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Insight/Intuition into rotations in R²

  1. Feb 24, 2016 #1
    I've been using rotation matrices for quite some time now without fully grasping them. Whenever I tried to develop an intuitive understanding of...[tex]
    x' = x\cos\theta - y\sin\theta \\
    y' = x\sin\theta + y \cos\theta
    [/tex]... I failed and gave up. I've looked at numerous online texts and videos, but following the step-by-step explanations didn't lead to me seeing the whole picture as I had hoped.

    Could someone explain to me (like I'm 5 years old), why [itex]-y\sin\theta[/itex] and [itex]x\sin\theta[/itex] are used to affect the value along the other axis?

    Looking at the following picture (pardon the quality):
    Is the contribution of [itex]y[/itex] to [itex]x[/itex] and vice versa there, to ensure that [itex]P[/itex] maintains the correct distance to the origin, or is that a misguided simplification of mine? The yellow line cannot be [itex]sin + cos[/itex] (Pythagorean theorem) yet I may combine these two to get [itex]x'[/itex] and [itex]y'[/itex]. Do you see where my gap in understanding lies? Is there a drawing that could clarify how these terms combine to give the correct value we observe? Algebraic proofs don't work with me I'm afraid, I need a geometric/visual explanation.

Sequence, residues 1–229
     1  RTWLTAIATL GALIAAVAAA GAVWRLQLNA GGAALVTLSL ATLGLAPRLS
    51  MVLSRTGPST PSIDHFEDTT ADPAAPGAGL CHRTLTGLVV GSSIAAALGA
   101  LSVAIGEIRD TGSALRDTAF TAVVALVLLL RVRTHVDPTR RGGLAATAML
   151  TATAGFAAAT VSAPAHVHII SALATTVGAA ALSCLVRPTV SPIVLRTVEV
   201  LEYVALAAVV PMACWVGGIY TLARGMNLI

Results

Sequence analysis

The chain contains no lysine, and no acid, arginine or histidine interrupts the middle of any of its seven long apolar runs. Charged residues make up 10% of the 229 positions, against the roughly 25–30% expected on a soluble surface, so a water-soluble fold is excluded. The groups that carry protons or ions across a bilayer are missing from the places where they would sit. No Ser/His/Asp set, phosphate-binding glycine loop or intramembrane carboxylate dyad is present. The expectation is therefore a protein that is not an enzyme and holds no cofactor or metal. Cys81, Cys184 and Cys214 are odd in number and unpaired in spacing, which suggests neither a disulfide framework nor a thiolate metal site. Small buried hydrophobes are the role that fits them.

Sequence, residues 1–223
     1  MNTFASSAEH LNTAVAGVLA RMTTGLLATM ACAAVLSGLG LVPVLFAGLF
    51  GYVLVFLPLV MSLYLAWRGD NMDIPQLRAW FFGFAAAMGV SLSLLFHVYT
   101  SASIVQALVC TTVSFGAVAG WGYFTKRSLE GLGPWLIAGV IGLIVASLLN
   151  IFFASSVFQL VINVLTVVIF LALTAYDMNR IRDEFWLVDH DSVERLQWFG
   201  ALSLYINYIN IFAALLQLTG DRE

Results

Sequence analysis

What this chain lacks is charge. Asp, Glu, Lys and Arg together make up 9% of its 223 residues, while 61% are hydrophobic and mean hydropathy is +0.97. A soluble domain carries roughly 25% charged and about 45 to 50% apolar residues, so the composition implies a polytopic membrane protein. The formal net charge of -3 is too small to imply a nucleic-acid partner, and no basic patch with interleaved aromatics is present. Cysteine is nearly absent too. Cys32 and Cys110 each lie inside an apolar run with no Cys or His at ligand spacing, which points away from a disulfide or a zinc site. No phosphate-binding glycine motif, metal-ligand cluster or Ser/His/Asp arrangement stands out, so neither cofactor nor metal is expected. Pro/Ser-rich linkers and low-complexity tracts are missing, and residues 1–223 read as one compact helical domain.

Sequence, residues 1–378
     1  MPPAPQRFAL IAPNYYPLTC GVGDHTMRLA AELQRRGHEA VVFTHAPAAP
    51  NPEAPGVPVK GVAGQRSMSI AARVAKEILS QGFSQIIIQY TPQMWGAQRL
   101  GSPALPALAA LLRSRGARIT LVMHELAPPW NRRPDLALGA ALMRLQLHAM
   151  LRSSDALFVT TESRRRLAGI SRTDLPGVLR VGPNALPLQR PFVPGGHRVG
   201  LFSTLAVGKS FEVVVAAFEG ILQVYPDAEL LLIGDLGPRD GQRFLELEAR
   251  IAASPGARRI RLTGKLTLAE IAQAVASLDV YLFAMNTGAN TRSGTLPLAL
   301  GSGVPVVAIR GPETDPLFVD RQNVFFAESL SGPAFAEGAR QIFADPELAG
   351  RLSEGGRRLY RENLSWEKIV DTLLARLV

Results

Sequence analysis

Last edited: Feb 24, 2016
  2. jcsd
  3. Feb 24, 2016 #2


    Staff: Mentor


  4. Feb 25, 2016 #3
  5. Feb 28, 2016 #4
    The component ##\left(\begin{smallmatrix}x\cos\theta\\y\cos\theta\end{smallmatrix}\right)## represents the projection of ##\left(\begin{smallmatrix}x'\\y'\end{smallmatrix}\right)## onto the original vector ##\left(\begin{smallmatrix}x\\y\end{smallmatrix}\right)##. The other component (the "rejection") should therefore have magnitude ##|\sqrt{x^2+y^2}\sin\theta|## and be orthogonal to the projection. There are two unique solutions for such a vector.

    Finally, when ##\theta## is nonzero but less than a straight angle, an increase in ##y'## corresponds to a decrease in ##x'##; i.e., the x-component of the rejection should be negative. (This condition is equivalent to a choice of orientation on ##\mathbb{R}^2##.) This tells us which solution is the desired one.

    As for your drawing, I don't quite understand what you mean. Could you elaborate?
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